- Conjecture asks: Is there an act to be considered?
- Definition asks: How can the act be defined?
- Quality asks: How serious is the act?
- Policy asks: Should this act be submitted to some formal procedure?
Upon agreement of all questions, rhetoric can take place. Without an understanding of each of the above terms, there is no basis for argument; without an actual problem, understanding of the problem, or agreement on the seriousness of the problem, then there is no justification to try to solve it through policy. Rhetoric, to generalize, is the attempt to persuade an audience of what should be done about an issue.
The interesting thing about these ancient rhetorical questions is that they are absolutely true for modern rhetoric as well. No matter the topic, there must be an understanding of the basic principles of the problem. In a sense, devising answers to these questions is the most fundamental step to creating a rhetorical argument; it is a brainstorming process, of sorts.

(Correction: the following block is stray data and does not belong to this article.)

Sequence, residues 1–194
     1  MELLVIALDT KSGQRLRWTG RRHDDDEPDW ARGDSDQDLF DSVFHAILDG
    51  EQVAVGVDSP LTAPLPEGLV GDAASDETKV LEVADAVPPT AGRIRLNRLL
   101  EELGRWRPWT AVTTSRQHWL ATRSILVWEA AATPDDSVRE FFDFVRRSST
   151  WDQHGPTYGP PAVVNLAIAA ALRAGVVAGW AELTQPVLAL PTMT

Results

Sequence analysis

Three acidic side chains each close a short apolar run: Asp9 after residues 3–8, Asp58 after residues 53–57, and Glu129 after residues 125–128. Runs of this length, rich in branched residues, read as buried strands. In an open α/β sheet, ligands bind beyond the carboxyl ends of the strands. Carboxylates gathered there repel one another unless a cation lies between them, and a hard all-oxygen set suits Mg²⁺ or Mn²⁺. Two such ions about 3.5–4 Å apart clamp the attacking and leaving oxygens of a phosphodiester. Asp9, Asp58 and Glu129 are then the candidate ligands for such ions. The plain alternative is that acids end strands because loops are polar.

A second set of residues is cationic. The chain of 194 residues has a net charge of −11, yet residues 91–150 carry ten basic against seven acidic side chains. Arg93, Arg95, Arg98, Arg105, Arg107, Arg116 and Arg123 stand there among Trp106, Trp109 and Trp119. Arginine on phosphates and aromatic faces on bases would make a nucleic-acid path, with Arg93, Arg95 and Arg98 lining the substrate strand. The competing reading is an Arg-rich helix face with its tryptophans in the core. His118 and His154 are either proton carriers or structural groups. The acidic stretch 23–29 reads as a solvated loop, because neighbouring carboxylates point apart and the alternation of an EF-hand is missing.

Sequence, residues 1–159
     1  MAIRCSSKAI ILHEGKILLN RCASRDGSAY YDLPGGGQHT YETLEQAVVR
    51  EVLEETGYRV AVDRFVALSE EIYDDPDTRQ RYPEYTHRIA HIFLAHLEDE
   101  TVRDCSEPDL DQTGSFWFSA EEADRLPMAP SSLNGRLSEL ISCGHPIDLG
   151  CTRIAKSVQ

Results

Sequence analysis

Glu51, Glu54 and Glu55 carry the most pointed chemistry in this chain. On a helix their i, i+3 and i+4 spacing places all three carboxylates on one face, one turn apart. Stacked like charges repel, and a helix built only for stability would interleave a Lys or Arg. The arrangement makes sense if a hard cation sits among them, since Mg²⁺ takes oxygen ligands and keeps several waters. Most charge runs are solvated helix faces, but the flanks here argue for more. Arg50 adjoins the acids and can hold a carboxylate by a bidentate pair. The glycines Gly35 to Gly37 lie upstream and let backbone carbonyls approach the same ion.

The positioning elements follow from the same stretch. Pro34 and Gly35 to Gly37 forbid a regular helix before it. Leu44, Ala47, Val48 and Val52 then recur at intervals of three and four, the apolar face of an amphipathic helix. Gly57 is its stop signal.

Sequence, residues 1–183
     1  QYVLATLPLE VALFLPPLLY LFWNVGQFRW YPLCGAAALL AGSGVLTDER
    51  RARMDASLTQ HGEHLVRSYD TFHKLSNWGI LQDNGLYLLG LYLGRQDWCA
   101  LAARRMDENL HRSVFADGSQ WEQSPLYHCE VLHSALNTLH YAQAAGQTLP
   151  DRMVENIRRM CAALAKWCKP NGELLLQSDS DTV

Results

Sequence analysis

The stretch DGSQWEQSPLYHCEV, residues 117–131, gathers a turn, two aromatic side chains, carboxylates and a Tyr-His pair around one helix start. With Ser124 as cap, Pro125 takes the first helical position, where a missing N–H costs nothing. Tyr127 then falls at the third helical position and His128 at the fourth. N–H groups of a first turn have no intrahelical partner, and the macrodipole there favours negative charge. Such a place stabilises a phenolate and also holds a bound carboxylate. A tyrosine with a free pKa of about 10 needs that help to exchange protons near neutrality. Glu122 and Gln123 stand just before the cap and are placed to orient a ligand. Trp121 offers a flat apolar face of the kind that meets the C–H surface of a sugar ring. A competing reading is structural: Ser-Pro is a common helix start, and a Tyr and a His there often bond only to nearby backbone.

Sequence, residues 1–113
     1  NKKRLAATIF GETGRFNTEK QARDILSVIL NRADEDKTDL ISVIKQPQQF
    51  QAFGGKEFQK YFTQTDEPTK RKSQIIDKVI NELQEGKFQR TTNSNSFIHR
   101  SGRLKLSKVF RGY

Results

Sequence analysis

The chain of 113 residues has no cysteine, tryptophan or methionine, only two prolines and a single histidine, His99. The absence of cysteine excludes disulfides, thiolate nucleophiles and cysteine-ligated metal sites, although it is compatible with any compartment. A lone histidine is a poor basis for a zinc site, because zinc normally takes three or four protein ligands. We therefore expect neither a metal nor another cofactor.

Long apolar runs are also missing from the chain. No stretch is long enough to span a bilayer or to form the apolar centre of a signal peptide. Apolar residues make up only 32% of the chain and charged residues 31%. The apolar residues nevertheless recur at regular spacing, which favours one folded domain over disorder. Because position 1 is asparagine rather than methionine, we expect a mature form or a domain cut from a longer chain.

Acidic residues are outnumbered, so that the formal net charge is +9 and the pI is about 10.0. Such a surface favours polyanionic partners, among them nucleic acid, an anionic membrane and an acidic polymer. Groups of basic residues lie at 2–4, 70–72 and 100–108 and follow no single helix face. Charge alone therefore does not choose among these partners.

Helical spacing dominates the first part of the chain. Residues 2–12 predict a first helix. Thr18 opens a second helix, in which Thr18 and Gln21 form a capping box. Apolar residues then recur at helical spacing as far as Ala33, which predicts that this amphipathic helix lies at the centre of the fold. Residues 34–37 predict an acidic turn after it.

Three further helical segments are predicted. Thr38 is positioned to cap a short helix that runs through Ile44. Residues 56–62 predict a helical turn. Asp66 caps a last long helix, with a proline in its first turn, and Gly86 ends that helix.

In addition to understanding conjecture, definition, quality, and policy, one can also delve deeper into these issues. There are important questions to be considered within the initial questions.
- Conjecture: Where did it come from? What is its cause? Can it be changed?
- Definition: To what larger class does it belong? What are its parts and how are they related?
- Quality: Is it good or bad? Is it better or worse than something else?
- Policy: What actions are possible or desirable? How will proposed actions change the current state of affairs? How will the proposed changes make things better or worse? How and in what ways?